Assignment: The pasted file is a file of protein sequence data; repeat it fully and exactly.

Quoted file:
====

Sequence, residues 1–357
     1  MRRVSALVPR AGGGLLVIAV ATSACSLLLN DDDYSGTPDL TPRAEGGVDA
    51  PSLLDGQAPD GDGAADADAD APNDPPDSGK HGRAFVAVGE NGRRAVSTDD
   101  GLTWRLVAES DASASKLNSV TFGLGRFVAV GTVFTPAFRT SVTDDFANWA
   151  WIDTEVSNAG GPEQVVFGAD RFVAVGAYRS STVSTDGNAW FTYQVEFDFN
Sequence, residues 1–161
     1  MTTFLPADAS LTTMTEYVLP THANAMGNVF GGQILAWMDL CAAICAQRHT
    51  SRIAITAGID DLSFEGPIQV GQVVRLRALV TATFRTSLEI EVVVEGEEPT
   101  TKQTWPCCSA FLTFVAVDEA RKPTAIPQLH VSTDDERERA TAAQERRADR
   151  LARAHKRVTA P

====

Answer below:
Sequence, residues 1–357
     1  MRRVSALVPR AGGGLLVIAV ATSACSLLLN DDDYSGTPDL TPRAEGGVDA
    51  PSLLDGQAPD GDGAADADAD APNDPPDSGK HGRAFVAVGE NGRRAVSTDD
   101  GLTWRLVAES DASASKLNSV TFGLGRFVAV GTVFTPAFRT SVTDDFANWA
   151  WIDTEVSNAG GPEQVVFGAD RFVAVGAYRS STVSTDGNAW FTYQVEFDFN
Sequence, residues 1–161
     1  MTTFLPADAS LTTMTEYVLP THANAMGNVF GGQILAWMDL CAAICAQRHT
    51  SRIAITAGID DLSFEGPIQV GQVVRLRALV TATFRTSLEI EVVVEGEEPT
   101  TKQTWPCCSA FLTFVAVDEA RKPTAIPQLH VSTDDERERA TAAQERRADR
   151  LARAHKRVTA P